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Abel Ferrara (1951 - )

Lifespan: 1951 -

Related: Catholicism - American cinema - exploitation film - violent film

Films: Ms. 45 (1981) - Bad Lieutenant (1992)

Bad Lieutenant (1992) - Abel Ferrara [Amazon.com]

Another director who shows that he might - just might - prove that there's life in the old horror genre yet, is Abel Ferrara. He drew attention to himself - for all the wrong reasons - with his Seventies' exploitation film The Driller Killer, but he has since displayed an original vision in such impressive fare as Body Snatchers and The Addiction. Here is a director who is working within genre conventions - Body Snatchers is a subtle reworking of Invasion of the Bodysnatchers - to create something that escapes those conventions and takes off in all kinds of directions. What happens next? To borrow the closing line from John Carpenter's The Thing - let's just wait around and see what happens. --Noel O'Shea


Abel Ferrara (born July 19, 1951 in The Bronx) is an American movie screenwriter and director. He started out as a director by making amateur films on Super 8. In 1979, he first achieved recognition for directing and starring in The Driller Killer, a violent exploitation film about an artist who suffers a mental breakdown. His 1981 follow up, Ms. 45 was met with more positive reviews and helped to jump start his career. His theatrical releases through the rest of the decade included Fear City, China Girl, and Cat Chaser and were met with more mixed reviews while his career remained fairly stagnant despite the pictures larger budgets. The early 1990s are generally considered to be the golden period of his work. In 1990, King of New York was released to positive reaction from critics and viewers alike. He followed that up with Bad Lieutenant in 1992 to great critical praise and it is widely considered to be his finest work. In 1995 he released The Addiction and The Funeral, both starring Christopher Walken. Since then, he has released several films to very limited success.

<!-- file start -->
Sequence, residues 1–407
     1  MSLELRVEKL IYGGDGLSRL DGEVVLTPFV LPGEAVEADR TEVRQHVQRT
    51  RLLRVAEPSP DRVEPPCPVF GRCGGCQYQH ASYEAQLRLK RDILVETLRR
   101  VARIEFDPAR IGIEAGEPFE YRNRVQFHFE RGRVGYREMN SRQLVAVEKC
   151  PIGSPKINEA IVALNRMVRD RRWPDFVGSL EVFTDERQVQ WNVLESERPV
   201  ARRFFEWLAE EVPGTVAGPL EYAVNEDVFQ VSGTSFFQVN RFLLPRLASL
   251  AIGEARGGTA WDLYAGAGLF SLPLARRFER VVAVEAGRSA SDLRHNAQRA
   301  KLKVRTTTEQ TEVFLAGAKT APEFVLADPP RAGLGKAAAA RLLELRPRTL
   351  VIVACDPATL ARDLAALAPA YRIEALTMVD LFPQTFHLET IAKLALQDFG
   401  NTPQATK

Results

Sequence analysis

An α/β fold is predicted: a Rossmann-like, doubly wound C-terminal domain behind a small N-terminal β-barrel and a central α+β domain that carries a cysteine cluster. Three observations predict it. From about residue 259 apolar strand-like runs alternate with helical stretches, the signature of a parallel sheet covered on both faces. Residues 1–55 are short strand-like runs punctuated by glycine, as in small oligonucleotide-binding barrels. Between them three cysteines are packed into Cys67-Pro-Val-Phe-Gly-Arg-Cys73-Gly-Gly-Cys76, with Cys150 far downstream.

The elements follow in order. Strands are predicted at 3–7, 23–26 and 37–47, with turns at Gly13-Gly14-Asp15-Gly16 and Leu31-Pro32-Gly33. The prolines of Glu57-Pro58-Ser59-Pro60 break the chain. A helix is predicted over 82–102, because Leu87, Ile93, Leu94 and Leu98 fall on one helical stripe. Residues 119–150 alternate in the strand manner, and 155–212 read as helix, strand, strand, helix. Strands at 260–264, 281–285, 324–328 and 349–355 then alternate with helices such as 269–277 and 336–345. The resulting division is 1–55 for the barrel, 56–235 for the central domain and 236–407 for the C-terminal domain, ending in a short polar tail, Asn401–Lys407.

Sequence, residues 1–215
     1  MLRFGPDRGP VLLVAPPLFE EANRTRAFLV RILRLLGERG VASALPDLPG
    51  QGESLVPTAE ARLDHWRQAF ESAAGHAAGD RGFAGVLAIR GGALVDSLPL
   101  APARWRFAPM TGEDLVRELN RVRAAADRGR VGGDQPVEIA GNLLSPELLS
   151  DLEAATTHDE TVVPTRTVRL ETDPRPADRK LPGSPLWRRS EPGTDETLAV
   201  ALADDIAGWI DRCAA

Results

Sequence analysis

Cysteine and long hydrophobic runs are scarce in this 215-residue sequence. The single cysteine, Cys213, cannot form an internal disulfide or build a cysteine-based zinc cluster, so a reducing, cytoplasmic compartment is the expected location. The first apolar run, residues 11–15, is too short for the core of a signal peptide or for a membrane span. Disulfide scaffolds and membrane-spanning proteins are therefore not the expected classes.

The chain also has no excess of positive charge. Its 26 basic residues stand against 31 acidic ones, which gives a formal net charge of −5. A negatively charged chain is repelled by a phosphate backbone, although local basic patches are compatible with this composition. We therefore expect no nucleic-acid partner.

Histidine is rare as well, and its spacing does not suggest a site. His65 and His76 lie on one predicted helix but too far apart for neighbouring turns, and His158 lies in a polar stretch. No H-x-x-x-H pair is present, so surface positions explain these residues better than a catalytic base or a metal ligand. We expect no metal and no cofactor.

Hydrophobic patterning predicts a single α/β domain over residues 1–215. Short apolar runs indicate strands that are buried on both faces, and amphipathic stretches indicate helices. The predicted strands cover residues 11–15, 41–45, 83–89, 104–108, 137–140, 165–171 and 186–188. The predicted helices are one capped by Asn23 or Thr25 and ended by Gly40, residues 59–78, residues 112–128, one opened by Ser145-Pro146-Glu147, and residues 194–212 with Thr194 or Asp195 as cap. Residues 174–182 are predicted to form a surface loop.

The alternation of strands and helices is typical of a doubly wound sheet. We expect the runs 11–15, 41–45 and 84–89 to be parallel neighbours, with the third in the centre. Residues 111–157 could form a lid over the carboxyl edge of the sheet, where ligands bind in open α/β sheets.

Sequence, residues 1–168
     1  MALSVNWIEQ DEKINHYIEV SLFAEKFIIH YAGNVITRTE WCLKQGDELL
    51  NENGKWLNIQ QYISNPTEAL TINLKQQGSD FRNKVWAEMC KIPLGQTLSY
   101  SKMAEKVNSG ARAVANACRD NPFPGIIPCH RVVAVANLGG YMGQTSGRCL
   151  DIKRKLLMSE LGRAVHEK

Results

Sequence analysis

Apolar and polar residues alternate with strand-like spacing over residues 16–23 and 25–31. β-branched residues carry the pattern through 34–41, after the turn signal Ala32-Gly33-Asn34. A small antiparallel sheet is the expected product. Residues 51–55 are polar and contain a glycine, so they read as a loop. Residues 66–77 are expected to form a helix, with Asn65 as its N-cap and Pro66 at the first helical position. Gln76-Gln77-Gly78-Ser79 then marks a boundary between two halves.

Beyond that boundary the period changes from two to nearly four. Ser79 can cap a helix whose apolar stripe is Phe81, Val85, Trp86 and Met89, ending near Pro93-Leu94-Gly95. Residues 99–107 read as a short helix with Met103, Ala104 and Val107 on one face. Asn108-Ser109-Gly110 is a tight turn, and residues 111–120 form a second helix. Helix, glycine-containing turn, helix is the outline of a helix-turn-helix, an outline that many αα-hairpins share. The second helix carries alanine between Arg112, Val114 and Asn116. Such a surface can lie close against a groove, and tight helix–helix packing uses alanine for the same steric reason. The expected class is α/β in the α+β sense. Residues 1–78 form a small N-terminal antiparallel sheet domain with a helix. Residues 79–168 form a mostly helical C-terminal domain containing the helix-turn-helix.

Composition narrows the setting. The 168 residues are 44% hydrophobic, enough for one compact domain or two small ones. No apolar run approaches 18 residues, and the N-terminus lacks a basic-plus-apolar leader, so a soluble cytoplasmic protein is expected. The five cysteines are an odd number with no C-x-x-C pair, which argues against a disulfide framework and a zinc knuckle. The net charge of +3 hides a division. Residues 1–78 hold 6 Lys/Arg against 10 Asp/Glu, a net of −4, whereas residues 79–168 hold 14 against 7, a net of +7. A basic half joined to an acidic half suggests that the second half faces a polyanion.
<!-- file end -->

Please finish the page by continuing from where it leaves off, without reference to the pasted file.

Ferrara is noteworthy for setting the vast majority of his films in New York City. He has also frequently collaborated with Zoe Lund, who wrote and starred in several of his films, and Nicholas St. John, who has written many of his films and was a classmate of Ferrara's in highschool. His work is suggested to be heavily influenced by Robert Bresson. Ferrara's films often feature religion, specifically Catholicism, as a prominent theme. --http://en.wikipedia.org/wiki/Abel_Ferrara [Mar 2006]

King of New York (1990) - Abel Ferrara

    King of New York (1990) - Abel Ferrara [Amazon US]
    This low-budget crime thriller has the feel of a major blockbuster and owes its roots to the hard-edged crime movies of the 1930s. Christopher Walken stars as a drug kingpin who is released from prison and vows to use his position and influence--and criminal enterprise--for charitable means. But a core group of New York cops are all over him and his gang, determined to go to war, whatever the cost, to bring him down. Eventually his empire--headquartered at, of all places, Donald Trump's Plaza Hotel--crumbles under the weight of double-crossing and a body count of open warfare with the cops. This is one of the most stylish films of the last decade, with a strong supporting cast (including Lawrence Fishburne, Wesley Snipes, and David Caruso) and some truly enthralling set pieces, including a stunning car chase and gunfight across a rain-soaked Queensboro Bridge. The film's tongue-in-cheek, over-the-top style offsets its nihilism; and its riveting visuals will have audiences hooked from beginning to end. --Robert Lane

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